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War criminal who denied he was Nazi guard

John Demjanjuk, who has died aged 91, was a former Soviet peasant convicted in 1988 of war crimes, having been identified as the notorious Treblinka death-camp guard known as Ivan the Terrible.

At the end of his trial in Israel, sentenced to death for the murder of countless Jews as well as further sadistic acts of extraordinary violence, Demjanjuk -- as he had done throughout -- protested his innocence in broken Hebrew before being taken away and placed in solitary confinement to await the hangman.

In fact, long before the trial, there had been doubts about Demjanjuk's true identity, and these were later strengthened by files from Soviet wartime archives. The man in the dock was a bulky, pasty-faced, 68-year-old Ford car worker from Cleveland, Ohio.

The question of whether he had also been the monster of Treblinka, where an estimated 850,000 Jews were slaughtered during World War Two, was never settled beyond doubt.

In 1993, five years after his trial, Demjanjuk was freed by Israeli supreme court judges who ruled there was insufficient evidence to show that he had been Ivan the Terrible. Nevertheless, their judgment indicated that although they could not find him guilty beyond reasonable doubt, they also doubted that he was innocent.

Documentary evidence seemed conclusively to identify Demjanjuk as a graduate of Trawniki, an SS training school in Poland. From there, he had been posted to the death camp at Sobibor; a scar left by a surgically removed SS tattoo indicating his blood group, along with an account of his activities during World War Two -- riddled with contradictions and sinister coincidences -- appeared to confirm this.

In December 2009, Demjanjuk, 89 years old and deeply sick, went on trial again, this time in Munich, where he was wheeled into court each day strapped to a gurney.

In May 2011, the German court convicted him of helping to murder almost 30,000 Jews at Sobibor, amounting to the number killed during the period when he was a guard there.

A total of a quarter of a million people were murdered at the death camp. "The court is convinced that the defendant served as a guard at Sobibor from March 27, 1943, to mid-September 1943," said presiding Judge Ralph Alt, sentencing him to five years in jail. "As guard, he took part in the murder of at least 28,000 people."

John Demjanjuk was born Iwan Nikolai Demjanjuk on April 3, 1920, at Dubovye Makhatintsy, a village in the Ukraine. His family was said to be religious and therefore anti-Soviet, and possibly anti-Semitic, too; many rural Ukrainians blamed Jews for their impoverishment.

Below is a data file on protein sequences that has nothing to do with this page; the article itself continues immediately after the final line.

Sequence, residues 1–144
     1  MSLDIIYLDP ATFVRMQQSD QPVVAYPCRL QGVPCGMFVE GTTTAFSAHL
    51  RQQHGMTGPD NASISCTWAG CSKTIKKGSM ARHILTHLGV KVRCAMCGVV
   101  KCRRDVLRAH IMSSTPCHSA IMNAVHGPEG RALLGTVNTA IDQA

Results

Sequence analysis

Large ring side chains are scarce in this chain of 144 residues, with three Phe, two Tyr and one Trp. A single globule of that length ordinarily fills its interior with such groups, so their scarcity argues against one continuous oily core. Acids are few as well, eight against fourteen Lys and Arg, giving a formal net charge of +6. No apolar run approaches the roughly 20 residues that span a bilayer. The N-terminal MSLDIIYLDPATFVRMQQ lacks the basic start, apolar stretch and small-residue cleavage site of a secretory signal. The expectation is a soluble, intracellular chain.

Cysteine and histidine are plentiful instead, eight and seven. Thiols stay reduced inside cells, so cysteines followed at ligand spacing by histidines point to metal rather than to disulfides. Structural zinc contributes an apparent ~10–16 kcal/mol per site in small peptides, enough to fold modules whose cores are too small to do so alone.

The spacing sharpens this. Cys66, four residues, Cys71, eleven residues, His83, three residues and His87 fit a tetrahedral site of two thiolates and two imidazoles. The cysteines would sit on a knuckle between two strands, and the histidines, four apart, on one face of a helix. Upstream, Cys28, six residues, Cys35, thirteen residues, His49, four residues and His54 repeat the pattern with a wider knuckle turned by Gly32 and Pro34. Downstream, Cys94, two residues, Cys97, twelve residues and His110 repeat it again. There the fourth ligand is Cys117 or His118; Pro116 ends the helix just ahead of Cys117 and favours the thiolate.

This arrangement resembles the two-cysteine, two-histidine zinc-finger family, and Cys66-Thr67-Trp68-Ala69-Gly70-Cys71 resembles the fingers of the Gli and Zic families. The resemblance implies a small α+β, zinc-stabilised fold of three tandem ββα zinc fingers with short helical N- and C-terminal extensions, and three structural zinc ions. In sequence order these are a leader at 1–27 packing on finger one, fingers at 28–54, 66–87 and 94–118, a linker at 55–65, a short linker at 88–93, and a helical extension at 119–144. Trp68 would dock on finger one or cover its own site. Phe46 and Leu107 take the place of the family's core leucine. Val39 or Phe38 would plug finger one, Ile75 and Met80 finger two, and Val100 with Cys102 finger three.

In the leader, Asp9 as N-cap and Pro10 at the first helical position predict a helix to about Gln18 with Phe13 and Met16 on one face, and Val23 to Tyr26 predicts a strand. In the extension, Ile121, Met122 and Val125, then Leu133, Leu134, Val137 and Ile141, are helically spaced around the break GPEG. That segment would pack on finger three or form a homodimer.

Demjanjuk was driving a tractor on a collective farm when he was called up by the Soviet Army in late 1940. Serving in an artillery unit when the Germans invaded Russia, he was wounded in the autumn of 1941 and bore a scar on his back for the rest of his life.

He returned to the front line with the Red Army until he was captured by the Nazis in the eastern Crimea in May 1942 and held at the Rovno prisoner-of-war transit camp in Poland. The question of what happened next would come to dominate the rest of his life.

Demjanjuk insisted he was incarcerated in the notorious prison camp at Chelm in eastern Poland and that as the war came to an end he joined the Vlasov army, drawn by the Germans from the ranks of Soviet prisoners and ordered to fight Stalin's troops. When the conflict ended, he spent six years in a camp for displaced persons, working as a driver for the US Army and emigrating to the United States in 1951.

According to prosecutors, however, Demjanjuk was recruited from Rovno and trained at Trawniki as an SS guard, before being sent to work at Sobibor and posted to Treblinka.

After six years in America, Demjanjuk adopted the name John and, in 1958, with his wife Vera -- whom he had met and married in the displaced persons' camp -- applied for American citizenship. By now he had a steady job on the Ford assembly line and had bought his first house in Cleveland.

By the time he was arrested in 1981, he was living in retirement in a bungalow in the Cleveland suburb of Seven Hills.

There were serious contradictions in Demjanjuk's account, however, as well as much that was left out. He explained this by saying he had forgotten many events of 40 years before, but what he could not explain was an SS identification card from Trawniki that placed him in the camps.

What seemed to clinch the case against Demjanjuk was the gut-wrenching testimony of survivors of Treblinka. "Ivan would push people into the gas chambers," one recalled, "slashing them with a bayonet. He would split open their heads, cut off ears, gouge out eyes and rip open the bellies of pregnant women."

But this, in the opinion of some leading jurists, was not enough. "The prosecution's case," declared a former Master of the Rolls, Lord Denning, "rested on identification by witnesses over 40 years later. But we all know how mistakes are made by witnesses at identification parades here."

In 2011, doubt was cast on the very identity card that had seemed so damning, with FBI analysis appearing to show it might have been tampered with.

His conviction in Germany meant that, despite the efforts of his family to repatriate him, Demjanjuk lived out his last days in a Bavarian nursing home, to which he had been released pending his appeal of a five-year sentence.

John Demjanjuk is survived by his wife, their two daughters and a son. (© Daily Telegraph, London)

Irish Independent